What to do if I was involved in an automobile accident and the other driver was under the influence?

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What to do if I was involved in an automobile accident and the other driver was under the influence?

The car we were driving was only seven months old and took a pretty brutal impact. How and what should I ask for on medical bills, pain and suffering and my vehicle? I really do not want to pay for a 7 month old wrecked vehicle especially since I was not at fault. My wife and I both did go seek medical advice.

Asked on July 1, 2013 under Personal Injury, Mississippi

Answers:

S.L,. Member, California Bar / FreeAdvice Contributing Attorney

Answered 8 years ago | Contributor

Property damage and personal injury are separate claims and would be filed with the at-fault party's insurance carrier.  If the other driver did not have auto insurance, but you have uninsured motorist coverage, you would file an uninsured motorist claim through your insurance carrier.

The amount of your property damage claim will be determined by the cost of repairs to your car.  If the car is a total loss, the amount of property damage compensation you would receive would be its value which might not be much due to it being a total loss.  Property damage is usually settled early in the case.

You and your wife have separate personal injury claims.  When each of you complete your medical treatment and are released by the doctor or are declared by the doctor to be permanent and stationary, which means having reached a point in your medical treatment where no further improvement is anticipated, obtain the medical bills, medical reports, and documentation of wage loss.  You and your wife's separate personal injury claims filed with the at-fault party's insurance carrier or if no insurance filed as an uninsured motorist claim with your insurance carrier should include these items.  Compensation for the medical bills is straight reimbursement.  The medical reports will document the nature and extent of the injuries and will be used to determine compensation for pain and suffering which is an amount in addition to the medical bills.  Compensation for wage loss is straight reimbursement.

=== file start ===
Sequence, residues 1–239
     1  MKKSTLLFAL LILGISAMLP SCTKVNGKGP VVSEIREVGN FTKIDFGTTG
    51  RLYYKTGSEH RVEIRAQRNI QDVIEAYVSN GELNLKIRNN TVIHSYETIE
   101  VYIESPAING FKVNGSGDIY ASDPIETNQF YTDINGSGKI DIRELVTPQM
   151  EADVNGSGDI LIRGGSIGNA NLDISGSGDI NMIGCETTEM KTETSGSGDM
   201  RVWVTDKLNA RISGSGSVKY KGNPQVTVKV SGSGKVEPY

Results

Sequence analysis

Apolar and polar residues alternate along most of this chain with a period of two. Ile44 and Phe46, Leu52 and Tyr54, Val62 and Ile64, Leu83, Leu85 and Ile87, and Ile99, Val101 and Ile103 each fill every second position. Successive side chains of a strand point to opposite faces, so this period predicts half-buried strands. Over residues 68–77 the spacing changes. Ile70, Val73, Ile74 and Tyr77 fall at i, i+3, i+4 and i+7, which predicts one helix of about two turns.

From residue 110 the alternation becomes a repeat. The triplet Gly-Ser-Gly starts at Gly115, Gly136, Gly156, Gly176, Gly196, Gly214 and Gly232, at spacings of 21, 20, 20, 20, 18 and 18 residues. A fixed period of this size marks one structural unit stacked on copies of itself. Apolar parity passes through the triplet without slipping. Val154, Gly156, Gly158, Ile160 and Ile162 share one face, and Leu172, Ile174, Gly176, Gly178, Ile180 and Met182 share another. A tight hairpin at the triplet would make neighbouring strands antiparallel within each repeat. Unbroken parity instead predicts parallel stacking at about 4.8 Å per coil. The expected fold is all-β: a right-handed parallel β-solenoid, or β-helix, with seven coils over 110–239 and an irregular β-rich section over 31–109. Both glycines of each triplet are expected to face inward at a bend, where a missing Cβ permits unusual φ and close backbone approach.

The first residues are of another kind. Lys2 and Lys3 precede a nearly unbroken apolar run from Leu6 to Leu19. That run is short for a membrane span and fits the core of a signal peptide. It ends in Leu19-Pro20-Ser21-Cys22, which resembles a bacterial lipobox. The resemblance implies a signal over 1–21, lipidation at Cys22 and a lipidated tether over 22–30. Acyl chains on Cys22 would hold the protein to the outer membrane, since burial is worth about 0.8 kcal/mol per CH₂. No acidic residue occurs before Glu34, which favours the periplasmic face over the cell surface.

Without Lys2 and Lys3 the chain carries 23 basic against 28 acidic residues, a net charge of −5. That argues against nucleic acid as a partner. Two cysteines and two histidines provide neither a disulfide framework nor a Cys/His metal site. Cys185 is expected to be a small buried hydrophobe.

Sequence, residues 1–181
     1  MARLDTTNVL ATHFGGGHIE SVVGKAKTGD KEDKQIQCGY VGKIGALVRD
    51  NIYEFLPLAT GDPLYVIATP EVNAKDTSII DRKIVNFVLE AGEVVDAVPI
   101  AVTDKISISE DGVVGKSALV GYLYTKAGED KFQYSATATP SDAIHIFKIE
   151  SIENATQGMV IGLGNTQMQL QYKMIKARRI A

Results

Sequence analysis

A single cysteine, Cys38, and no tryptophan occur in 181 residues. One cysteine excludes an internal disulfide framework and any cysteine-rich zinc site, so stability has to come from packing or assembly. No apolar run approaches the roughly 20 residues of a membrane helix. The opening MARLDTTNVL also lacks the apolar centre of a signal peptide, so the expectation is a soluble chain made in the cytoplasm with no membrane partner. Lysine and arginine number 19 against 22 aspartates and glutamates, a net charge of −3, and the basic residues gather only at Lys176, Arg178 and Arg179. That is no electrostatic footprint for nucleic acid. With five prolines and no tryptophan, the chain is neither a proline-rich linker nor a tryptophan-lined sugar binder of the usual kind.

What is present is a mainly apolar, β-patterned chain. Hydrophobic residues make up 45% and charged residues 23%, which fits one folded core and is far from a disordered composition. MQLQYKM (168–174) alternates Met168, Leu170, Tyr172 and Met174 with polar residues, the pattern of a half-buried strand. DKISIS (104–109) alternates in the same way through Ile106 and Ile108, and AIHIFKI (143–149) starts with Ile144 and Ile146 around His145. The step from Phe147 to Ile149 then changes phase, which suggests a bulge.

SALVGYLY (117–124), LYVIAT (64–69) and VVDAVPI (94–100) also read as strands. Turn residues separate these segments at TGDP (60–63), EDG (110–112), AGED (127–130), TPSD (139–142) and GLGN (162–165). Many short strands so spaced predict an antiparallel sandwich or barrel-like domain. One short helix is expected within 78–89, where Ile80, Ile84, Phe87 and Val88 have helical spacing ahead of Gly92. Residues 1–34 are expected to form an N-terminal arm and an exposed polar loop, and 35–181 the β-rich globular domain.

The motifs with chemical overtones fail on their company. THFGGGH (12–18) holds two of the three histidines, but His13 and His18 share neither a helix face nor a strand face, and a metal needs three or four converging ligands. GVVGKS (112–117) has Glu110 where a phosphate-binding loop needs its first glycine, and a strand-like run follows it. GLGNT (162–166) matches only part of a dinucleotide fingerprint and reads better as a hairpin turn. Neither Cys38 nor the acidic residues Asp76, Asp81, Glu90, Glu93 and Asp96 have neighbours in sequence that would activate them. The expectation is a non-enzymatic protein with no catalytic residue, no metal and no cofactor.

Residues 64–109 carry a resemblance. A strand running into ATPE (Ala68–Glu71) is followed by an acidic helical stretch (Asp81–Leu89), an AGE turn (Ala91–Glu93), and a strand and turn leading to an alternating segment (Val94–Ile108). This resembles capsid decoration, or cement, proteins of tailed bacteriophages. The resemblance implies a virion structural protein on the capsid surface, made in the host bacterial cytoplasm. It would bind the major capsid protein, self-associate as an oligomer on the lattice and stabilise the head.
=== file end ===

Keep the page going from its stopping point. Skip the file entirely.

If you or your wife are dissatisfied with settlement offers from the insurance carrier, reject the settlement offers and file a lawsuit for negligence against the at-fault party.  If both of your personal injury cases are settled with the insurance carrier, NO lawsuit is filed.  If one but not both personal injury claims have been settled with the insurance carrier, only the person whose claim has not been settled would file a lawsuit for negligence against the at-fault drunk driver.  If you or your wife or both have not settled the personal injury claim(s) with the insurance carrier, the lawsuit for negligence against the at-fault drunk driver must be filed prior to the expiration of the applicable statute of limitations or your rights will be lost forever in the matter.

 


IMPORTANT NOTICE: The Answer(s) provided above are for general information only. The attorney providing the answer was not serving as the attorney for the person submitting the question or in any attorney-client relationship with such person. Laws may vary from state to state, and sometimes change. Tiny variations in the facts, or a fact not set forth in a question, often can change a legal outcome or an attorney's conclusion. Although AttorneyPages.com has verified the attorney was admitted to practice law in at least one jurisdiction, he or she may not be authorized to practice law in the jurisdiction referred to in the question, nor is he or she necessarily experienced in the area of the law involved. Unlike the information in the Answer(s) above, upon which you should NOT rely, for personal advice you can rely upon we suggest you retain an attorney to represent you.

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